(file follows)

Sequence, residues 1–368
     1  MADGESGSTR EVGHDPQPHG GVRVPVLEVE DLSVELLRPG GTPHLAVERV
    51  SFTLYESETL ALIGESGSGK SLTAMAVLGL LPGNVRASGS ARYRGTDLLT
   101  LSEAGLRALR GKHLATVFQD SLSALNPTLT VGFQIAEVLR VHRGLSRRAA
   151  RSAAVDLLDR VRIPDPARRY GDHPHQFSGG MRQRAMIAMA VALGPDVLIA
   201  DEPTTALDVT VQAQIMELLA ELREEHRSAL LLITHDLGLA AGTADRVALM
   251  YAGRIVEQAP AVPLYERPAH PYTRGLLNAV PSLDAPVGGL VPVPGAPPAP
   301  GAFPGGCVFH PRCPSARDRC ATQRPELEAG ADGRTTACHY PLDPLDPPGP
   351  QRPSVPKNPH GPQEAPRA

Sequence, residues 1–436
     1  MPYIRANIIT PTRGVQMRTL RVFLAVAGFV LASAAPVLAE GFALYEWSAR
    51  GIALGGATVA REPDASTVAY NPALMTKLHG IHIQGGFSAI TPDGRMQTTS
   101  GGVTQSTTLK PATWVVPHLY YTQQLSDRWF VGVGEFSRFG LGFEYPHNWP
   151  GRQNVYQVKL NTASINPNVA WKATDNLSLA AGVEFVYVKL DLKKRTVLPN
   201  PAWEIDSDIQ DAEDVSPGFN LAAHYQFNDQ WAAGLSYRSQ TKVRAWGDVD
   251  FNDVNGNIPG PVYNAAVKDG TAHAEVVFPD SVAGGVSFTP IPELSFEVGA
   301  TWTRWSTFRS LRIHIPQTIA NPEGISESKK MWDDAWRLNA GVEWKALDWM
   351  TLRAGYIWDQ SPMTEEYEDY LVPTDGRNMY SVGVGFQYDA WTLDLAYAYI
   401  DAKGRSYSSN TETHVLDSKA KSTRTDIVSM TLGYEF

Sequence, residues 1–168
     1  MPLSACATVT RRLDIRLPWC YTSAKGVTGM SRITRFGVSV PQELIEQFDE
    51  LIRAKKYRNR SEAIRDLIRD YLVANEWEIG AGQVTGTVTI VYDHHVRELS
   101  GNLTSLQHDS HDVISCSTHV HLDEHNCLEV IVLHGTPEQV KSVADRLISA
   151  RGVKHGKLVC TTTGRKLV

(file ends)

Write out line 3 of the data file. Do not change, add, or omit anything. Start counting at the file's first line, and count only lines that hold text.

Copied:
    51  SFTLYESETL ALIGESGSGK SLTAMAVLGL LPGNVRASGS ARYRGTDLLT